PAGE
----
- July 4, 2022
- Posted by: Author Anoma
“ The future of work consists of learning a living ’’ — Marshall McLuhan
“Authenticity” is a popular leadership buzzword among executives and academics alike. Sheryl Sandberg, COO of Meta, stated that “leaders should strive for authenticity over perfection,” and Howard Schultz, former CEO of Starbucks, stated that “the companies that last are those that are authentic.” Indeed, studies have confirmed the importance of authenticity as a key driver of overall work outcomes for everyone from frontline workers to leaders.
Nonetheless, despite its importance, authenticity can be challenging to develop and maintain. Considering communication, while being perceived as authentic is ideal, acting authentically all of the time can lead to disaster.
Consider a manager who expresses underlying happiness while laying off an employee because her soon-to-be spouse just accepted her marriage proposal that morning. For example, an executive may send out a message about a new company diversity initiative in a depressed tone because his child has recently dropped out of college.
How can leaders navigate this tragic situation, especially in a work-from-home setting?
Regardless of their motivations, it is essential to acknowledge that true underlying emotions frequently leak through, resulting in emotional mismatches that may make them appear inauthentic. This is due to three major factors:
1. Conflicts in the workplace:
Many times, displaying the required emotion is difficult due to challenges or conflicting factors directly related to the situation. For example, even when required by the job, it can be difficult to provide genuine “service with a smile” to a customer who is yelling at you, or to be emotionally supportive of a subordinate whose recent poor performance has resulted in more work for you.
2. The consequences:
Even when there are no emotionally charged challenges in the situation, emotions frequently spill over from one moment to the next. A strong emotion from a previous interaction does not disappear when that interaction is completed. As a result, emotions may remain in contexts where they are no longer useful. For example, a manager may want to express excitement about an upcoming business opportunity but may be stressed for unrelated reasons (e.g., they had a stressful commute).
“ Aim high, work hard, and love your family ’’ — Deborah Roberts
3. Difficulties with communication channels:
Even when an individual’s emotion is truly genuine, technological communication barriers may prevent that emotion from being perceived as genuine. Many work interactions now take place at a distance, especially in light of recent Covid-related workspace changes. Nonetheless, significant research indicates that virtual communication can undermine effective emotional communication.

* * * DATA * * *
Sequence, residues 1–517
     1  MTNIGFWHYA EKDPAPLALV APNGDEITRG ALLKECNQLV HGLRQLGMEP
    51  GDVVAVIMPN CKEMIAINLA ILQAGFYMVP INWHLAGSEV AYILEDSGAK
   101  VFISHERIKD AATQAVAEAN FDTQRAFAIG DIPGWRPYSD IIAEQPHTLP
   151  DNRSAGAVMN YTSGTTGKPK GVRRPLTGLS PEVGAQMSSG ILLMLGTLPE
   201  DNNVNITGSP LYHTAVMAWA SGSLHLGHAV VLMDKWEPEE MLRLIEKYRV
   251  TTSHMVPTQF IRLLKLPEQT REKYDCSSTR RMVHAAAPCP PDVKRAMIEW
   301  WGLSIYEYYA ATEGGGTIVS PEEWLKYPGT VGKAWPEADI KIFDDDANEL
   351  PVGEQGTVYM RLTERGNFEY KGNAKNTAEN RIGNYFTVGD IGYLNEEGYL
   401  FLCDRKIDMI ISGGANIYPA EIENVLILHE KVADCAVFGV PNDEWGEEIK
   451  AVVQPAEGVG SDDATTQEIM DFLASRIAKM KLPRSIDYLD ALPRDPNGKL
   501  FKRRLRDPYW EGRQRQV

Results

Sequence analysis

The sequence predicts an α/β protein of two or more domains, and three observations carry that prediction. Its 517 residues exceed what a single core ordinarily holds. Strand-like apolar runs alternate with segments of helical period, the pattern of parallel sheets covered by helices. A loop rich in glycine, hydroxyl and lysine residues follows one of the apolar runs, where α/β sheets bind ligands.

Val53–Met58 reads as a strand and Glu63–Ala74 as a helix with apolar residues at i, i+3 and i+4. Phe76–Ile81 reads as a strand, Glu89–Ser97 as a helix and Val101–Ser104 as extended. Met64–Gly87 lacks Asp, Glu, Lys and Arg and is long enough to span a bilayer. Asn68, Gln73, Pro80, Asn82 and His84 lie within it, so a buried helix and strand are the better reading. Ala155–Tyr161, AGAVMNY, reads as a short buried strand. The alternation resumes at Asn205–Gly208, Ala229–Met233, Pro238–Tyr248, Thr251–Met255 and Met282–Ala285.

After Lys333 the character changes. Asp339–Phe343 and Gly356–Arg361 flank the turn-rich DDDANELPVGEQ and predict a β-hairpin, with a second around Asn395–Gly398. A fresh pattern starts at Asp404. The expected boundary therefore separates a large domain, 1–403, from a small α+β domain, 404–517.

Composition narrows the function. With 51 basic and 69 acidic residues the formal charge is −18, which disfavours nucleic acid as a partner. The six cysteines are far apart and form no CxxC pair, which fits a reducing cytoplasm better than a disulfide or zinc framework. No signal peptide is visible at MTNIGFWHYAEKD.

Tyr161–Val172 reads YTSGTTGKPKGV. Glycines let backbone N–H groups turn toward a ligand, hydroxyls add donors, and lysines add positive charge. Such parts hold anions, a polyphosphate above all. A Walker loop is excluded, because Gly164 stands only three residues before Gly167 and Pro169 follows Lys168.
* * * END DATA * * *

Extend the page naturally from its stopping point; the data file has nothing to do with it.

How to Select a Communication Method to Increase Authenticity?
In a paper recently published in the Journal of Applied Psychology, I aim to explore whether it was possible to transform one of the potential impediments to Communicating Authentically – Anoma Tech virtual communication into a tool that could be used to address this issue. Given that many workplace interactions now take place at a distance, employees frequently have a choice of modes of communication, ranging from email to face-to-face and video conferencing.
To find answers to these questions, we first attempted to understand people’s intuition about the best communication medium. We conducted a pilot survey of 234 financial professionals at the Australian branch of a Big Four accounting firm, which presented them with varying scenarios involving the need to communicate inauthentic or Communicating Authentically – Anoma Tech in order to determine which communication medium they would prefer.
“ Technology is best when it brings people together ’’ — Matt Mullenweg
Also inquired about their perspectives on various media & dis I covered that when they were communicating authentic emotion, they tended to use richer communication media (e.g., telephone or face-to-face). When it came to communicating inauthentic emotions, however, there was a significant shift in which participants chose email because they believed it was the best method for hiding underlying emotions.
To summarise, here are three key takeaways you can apply in your own workplace:
b. In order to appear most authentic when communicating inauthentically (e.g., suppressing emotions inappropriate for an interaction), it seems best to use the telephone or audio communication.
c. If you must use email to convey emotions that you want to be perceived as genuine, find a way to make it clear that you did not make the choice on purpose, or that the choice was made for a positive reason, to help reduce the attribution that it was a low effort. According to the findings of studies, it is not the use of email that causes emotions to appear inauthentic, but rather the recipient’s belief that you chose to use email.
“ Digital Twin Technologies will be key in helping automakers navigate the current disruptions as well as the disruptions to come ’’
As more workplace interactions become virtual, it is becoming increasingly important to be aware of the communication choices we make and the potential unintended consequences.
Read our interesting blogs on the website provided for more information on https://www.anoma.io/